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China broke with more than a quarter-century of tradition by not issuing an economic growth target for 2020, a stark acknowledgment of the challenges facing the world’s second-largest economy. The unusual move—it’s the first time a formal target has been omitted since the practice began in 1994—suggests Beijing’s leaders aren’t eager to unleash a large-scale stimulus after China’s sharpest contraction in four decades. It foreshadows more economic pain for a world that has become increasingly reliant on China as an engine of growth, Jonathan Cheng reports.
WHAT TO WATCH TODAY
The European Central Bank releases minutes from its April 29-30 meeting at 7:30 a.m. ET.
The Baker Hughes rig count is out at 1 p.m. ET.
Note: Real Time Economics is off Monday for Memorial Day. We’ll be back May 26. For news and analysis over the long weekend, visit wsj.com/economy.
U.S. and global business activity and labor markets suffered a little less in May than in prior months, offering signs that damage to the global economy from the coronavirus pandemic is easing. Surveys of purchasing managers showed private-sector activity in the U.S., Europe and Japan fell for the third straight month—though not as sharply as in April, Paul Hannon and Sarah Chaney report.
In the U.S., workers filed another 2.4 million claims for unemployment insurance last week, down significantly from a peak of nearly 7 million at the end of March. While layoffs appear to have subsided, the number of people without work remains at record-high levels: The number of people receiving benefits—a proxy for overall levels of unemployment—increased to 25.1 million.
Separate surveys from the New York Fed and Philadelphia Fed tell a similar story: It’s bad but the worst may be over. Even so, recovery will likely take some time as continued job cuts and a rise in unemployment cause households to cut back on spending.
Sales of previously owned homes in April posted their biggest monthly decline since 2010. Stay-at-home orders prevented real-estate agents from showing homes in person in some states, and widespread job losses and tightening credit requirements have made it more difficult for buyers to qualify for loans. While the number of transactions declined, prices continued to rise. The median existing-home price rose 7.4% from a year earlier to $286,800, Nicole Friedman reports.
In another sign the worst may be past, U.S. applications for mortgages to purchase a home have risen for five weeks straight, according to a Mortgage Bankers Association survey. That’s no guarantee the market will continue to gain ground, but it does suggest activity has stabilized.
Close to Home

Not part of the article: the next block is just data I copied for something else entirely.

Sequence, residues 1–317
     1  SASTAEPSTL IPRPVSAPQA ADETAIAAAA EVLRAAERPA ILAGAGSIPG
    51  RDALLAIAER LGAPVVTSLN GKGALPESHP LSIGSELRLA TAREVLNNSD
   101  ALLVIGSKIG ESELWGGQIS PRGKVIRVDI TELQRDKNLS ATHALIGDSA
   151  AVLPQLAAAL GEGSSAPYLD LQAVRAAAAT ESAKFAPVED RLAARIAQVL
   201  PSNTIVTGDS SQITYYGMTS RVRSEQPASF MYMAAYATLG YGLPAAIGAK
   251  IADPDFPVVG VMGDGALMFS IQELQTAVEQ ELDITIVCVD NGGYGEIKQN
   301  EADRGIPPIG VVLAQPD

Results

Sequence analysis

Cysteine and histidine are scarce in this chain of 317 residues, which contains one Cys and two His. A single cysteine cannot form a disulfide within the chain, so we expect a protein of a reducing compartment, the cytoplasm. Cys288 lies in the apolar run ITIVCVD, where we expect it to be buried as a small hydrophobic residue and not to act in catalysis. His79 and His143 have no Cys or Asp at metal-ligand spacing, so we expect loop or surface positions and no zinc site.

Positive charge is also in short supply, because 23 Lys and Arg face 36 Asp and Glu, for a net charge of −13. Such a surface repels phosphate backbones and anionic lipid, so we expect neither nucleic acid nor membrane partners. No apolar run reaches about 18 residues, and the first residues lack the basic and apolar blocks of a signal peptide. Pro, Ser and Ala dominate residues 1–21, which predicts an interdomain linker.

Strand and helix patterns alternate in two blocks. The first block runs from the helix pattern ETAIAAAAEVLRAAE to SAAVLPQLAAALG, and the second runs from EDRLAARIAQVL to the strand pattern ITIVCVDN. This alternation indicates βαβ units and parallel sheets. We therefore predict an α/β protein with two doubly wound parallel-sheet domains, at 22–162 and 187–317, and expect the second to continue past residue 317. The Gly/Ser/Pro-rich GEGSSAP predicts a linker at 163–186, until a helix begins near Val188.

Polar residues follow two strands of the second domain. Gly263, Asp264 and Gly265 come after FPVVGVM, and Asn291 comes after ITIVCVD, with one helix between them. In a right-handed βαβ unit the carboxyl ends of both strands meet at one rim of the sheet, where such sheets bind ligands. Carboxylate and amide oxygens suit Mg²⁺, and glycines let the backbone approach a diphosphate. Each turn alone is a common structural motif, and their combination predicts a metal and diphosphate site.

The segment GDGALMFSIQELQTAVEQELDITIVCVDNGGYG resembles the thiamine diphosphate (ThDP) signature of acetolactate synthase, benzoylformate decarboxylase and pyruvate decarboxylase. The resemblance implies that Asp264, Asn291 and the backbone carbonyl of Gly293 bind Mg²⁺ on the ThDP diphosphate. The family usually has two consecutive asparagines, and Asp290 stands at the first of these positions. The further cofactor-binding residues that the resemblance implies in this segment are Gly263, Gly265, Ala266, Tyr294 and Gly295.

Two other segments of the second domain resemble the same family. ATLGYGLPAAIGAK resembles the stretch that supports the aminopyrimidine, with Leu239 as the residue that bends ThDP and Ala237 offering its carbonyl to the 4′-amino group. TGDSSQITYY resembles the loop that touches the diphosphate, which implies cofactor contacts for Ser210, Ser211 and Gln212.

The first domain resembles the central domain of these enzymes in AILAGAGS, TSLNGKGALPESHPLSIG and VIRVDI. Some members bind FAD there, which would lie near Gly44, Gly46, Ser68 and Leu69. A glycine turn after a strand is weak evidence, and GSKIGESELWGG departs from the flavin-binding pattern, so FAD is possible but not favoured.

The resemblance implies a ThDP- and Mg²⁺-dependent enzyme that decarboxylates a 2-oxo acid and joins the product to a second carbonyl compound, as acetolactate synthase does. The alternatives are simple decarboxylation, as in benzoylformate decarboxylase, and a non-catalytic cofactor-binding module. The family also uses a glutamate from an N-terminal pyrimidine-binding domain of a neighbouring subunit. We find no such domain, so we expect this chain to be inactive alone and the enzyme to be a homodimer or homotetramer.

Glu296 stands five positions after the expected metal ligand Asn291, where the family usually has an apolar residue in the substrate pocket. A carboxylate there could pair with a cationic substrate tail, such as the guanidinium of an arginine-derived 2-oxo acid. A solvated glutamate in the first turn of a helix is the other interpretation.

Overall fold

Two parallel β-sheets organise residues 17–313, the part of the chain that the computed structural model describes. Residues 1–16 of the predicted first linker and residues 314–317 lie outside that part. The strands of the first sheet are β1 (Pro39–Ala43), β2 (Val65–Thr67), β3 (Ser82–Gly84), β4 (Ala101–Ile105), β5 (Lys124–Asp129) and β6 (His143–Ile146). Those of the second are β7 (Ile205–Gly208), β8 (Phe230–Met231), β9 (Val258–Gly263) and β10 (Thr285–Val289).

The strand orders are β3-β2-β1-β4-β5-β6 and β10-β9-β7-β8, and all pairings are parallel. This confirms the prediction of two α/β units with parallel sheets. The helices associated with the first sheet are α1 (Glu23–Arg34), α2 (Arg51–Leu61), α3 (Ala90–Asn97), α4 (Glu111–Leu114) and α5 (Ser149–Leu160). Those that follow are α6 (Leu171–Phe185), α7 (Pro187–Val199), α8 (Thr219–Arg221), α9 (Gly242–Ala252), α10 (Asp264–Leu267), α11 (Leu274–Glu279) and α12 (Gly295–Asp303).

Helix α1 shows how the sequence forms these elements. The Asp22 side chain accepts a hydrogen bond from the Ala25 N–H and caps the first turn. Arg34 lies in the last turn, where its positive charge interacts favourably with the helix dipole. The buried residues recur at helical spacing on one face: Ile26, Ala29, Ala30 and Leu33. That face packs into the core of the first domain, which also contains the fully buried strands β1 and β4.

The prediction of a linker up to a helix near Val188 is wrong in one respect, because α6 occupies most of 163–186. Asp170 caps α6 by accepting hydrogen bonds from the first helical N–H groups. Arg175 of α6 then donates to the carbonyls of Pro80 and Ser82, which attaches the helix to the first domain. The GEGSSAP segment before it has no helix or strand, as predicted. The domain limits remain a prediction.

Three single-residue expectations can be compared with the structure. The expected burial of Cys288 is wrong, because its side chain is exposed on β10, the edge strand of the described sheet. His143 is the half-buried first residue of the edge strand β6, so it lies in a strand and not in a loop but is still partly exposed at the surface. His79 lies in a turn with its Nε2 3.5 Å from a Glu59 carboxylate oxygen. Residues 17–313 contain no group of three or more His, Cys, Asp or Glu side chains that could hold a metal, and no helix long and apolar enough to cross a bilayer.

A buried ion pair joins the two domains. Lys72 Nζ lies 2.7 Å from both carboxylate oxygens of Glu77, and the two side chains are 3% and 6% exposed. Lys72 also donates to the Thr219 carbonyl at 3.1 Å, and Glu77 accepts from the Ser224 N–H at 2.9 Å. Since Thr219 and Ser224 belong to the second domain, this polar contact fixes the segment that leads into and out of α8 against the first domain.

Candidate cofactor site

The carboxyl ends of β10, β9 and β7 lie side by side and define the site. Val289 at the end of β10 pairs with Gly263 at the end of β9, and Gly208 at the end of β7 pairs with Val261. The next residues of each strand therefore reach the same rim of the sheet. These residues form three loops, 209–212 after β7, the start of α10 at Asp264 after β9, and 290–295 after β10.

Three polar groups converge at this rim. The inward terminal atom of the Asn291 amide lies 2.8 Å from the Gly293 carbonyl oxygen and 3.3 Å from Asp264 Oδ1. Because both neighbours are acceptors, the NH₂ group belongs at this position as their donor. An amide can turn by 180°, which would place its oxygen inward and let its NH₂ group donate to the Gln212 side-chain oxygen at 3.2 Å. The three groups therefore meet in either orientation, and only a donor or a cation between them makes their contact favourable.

Facebook CEO Mark Zuckerberg announced plans to enable up to half of its 45,000 employees to work from home. Twitter last week said it would allow employees to work from home indefinitely. E-commerce company Shopify also said it plans to let most employees work remotely in the future. From the open office to agile development, trends in the tech sector have a way of percolating into the broader corporate world. Some companies outside tech are following suit in the move to permanent remote work, Angus Loten reports.
Expedia dropped a small nugget of hope for the travel industry. The travel website said business in May has been looking “considerably better” than late March and early April, citing “really markedly better” performance in its homestay business, Vrbo. Families looking to get out of densely populated cities for the summer—driving, not flying—may be behind the trend, Laura Forman writes.
The Covid Surcharge
Companies from major retailers and package carriers to local restaurants and hair salons are awakening to a new economic reality in the age of the new coronavirus: Being open for business is almost as hard as being closed. Facing higher costs to keep workers and customers safe and an indefinite period of suppressed demand, businesses are navigating an ever-narrower path to profitability. To make the math work, some businesses are cutting services and jobs. Others are raising prices, including imposing coronavirus-related fees aimed at getting customers to share some of the expenses, Matt Grossman reports.
British retail sales in April recorded their biggest monthly drop on record. Sales at clothing stores, household goods stores and department stores tumbled between 25% and 50%. Online sales grew 18% as Britons stocked up at home for a lockdown that’s still in force. Alcohol sales also rose, Jason Douglas reports.
WHAT ELSE WE’RE READING
Don’t stand so close to me. “To gain insight into the economic impact of the pandemic, the Dallas Fed developed a Social Distancing Index based on geolocation data collected from a large sample of mobile devices. Our Social Distancing Index (SDI)…spiked dramatically in mid-March, coinciding with a large drop in economic activity. Recently, the index has started to decline, even prior to the relaxation of stay-at-home orders. The drop suggests economic activity may have bottomed out and could begin to improve,” Dallas Fed economists write.
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